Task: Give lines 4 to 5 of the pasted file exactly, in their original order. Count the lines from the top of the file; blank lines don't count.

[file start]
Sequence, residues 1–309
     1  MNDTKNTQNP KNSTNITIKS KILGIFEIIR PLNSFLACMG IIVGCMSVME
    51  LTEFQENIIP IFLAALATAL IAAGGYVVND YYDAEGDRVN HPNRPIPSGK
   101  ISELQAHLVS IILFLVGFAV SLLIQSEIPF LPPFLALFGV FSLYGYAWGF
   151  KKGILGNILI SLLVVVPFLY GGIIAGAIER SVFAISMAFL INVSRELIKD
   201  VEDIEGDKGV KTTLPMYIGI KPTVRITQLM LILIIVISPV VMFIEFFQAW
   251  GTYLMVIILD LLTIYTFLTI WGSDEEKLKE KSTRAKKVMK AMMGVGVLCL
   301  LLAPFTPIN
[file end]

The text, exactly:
   101  ISELQAHLVS IILFLVGFAV SLLIQSEIPF LPPFLALFGV FSLYGYAWGF
   151  KKGILGNILI SLLVVVPFLY GGIIAGAIER SVFAISMAFL INVSRELIKD